Columnist: Sydney Reade

Editor-in-chief: Yasmin Alameddine

You may have heard quite a bit about Woody Allen in the news over the past few weeks. He’s had a troubled personal life that has no doubt been hard on his family members, estranged or otherwise. In cinema, however, Allen’s contributions to the industry cannot be discounted, especially a contribution as powerful as 1977’s Annie Hall, number 35 on the American Film Institute’s Top 100 of All Time List. The movie won four Oscars, including Best Picture, Best Actress in a Leading Role, Best Director and Best Screenplay.

Annie Hall is a lesson in comedy, unconventional cinematography, and life. Broadly, it is the story of Alvy Singer, (played by Woody Allen), trying to untangle the reason for his recent break up with Annie, the titular character (played by Diane Keaton). Thus the narrative is nonlinear, beginning after the break up.

Alvy is a neurotic Jewish male, so a majority of the narrative is introspective and looks at personal character flaws that may have led to the downfall of their courtship while also reviewing key scenes of their past year together. Flashbacks include a discussion on cinematography in line at the movies, examinations of both lovers’ previous relationships, a night of cooking lobster together, their meet-cute at a tennis court, sexual encounters, buying books about death, an explosive dinner scene rivaling that of Meet the Parents, and a trip to California where the streets are so clean because “[Californians] don’t throw away their garbage, they turn it into television shows.”

In the end, Alvy tries to create a play out of their failed romanticizing, giving the story the happy ending it never had. Alvy and Allen are nearly inseparable, so it is important that Alvy’s reason for this ending is that art tries to make things perfect where life never could. Ultimately, this is an overarching theme for the movie, which succeeds because its offbeat humor and depictions of the mundane serve to remind us that there is pain, beauty and ridiculousness in love. Yet, love is still worth it, even if it requires years of therapy.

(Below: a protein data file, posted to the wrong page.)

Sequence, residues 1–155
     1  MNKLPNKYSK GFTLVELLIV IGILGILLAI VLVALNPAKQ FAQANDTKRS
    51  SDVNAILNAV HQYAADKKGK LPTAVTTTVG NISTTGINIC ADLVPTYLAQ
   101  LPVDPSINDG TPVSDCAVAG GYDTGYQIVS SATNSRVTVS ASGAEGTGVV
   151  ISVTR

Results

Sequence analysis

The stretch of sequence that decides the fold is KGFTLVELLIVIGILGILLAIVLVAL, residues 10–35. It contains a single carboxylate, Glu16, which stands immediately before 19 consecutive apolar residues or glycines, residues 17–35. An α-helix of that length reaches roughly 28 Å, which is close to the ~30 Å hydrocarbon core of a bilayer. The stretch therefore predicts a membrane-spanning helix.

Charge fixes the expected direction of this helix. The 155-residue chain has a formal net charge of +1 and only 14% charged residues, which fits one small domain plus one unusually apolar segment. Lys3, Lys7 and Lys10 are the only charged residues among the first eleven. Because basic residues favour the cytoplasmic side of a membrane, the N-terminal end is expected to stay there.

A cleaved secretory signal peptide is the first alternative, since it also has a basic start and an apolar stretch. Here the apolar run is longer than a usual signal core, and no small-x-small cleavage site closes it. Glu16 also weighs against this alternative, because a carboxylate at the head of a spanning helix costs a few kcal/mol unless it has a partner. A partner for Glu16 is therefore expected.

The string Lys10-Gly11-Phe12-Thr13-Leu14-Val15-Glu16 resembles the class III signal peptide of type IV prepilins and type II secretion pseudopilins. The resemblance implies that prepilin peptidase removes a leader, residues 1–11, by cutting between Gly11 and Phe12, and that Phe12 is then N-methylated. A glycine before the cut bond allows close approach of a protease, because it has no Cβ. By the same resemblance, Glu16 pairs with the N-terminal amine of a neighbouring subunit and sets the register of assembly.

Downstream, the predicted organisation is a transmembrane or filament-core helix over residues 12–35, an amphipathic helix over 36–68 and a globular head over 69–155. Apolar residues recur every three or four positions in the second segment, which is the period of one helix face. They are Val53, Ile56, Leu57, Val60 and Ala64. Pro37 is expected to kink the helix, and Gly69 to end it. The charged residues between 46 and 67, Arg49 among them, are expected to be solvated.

Allen is incredibly talented at portraying these small life moments in poetic ways, aided by his unexpected cinematographic construction. In this film, he repeatedly breaks the fourth wall, talking to the camera from the get-go in a Roger Moore-esque, documentarian fashion. When he disagrees with the interpretation of a film given by a man standing behind him in line at the movies, Alvy steps off screen to bring in the filmmaker, so that the filmmaker can critique the fan’s interpretation, as though that were something that magically happened in life (I wish). Annie and Alvy both talk to the camera as if they are being interviewed, to give interpretations of past events.  And, in what is perhaps the greatest live-action version of a Norman Rockwell painting ever made, Allen uses a split screen for an entire scene to contrast what dinner at his Jewish culture-based household would have looked like to Annie in comparison to the

WASP-y meal he is being made to endure at her parents’ home.

The plot may take a few viewings to become clear, but the groundbreaking cinematography will be immediately apparent. And in many ways, it may have been Allen’s intention to create a need for multiple watches, as it probably took Alvy at least as many tries to make sense of his relationship.


Diane Keaton shines in this movie in her predictable way—quirky, incisively inquisitive, with just a touch of over-eager awkwardness that polarizes her fans and critics.


Allen gives us yet another window into his mind, and into Jewish culture, and for that his acting and screenplay-writing is certainly to be commended. Annie Hall is a thought piece if there ever was one, but also a brilliantly funny movie with some decent acting (Christopher Walken shows up randomly in the middle) and stimulating visual construction.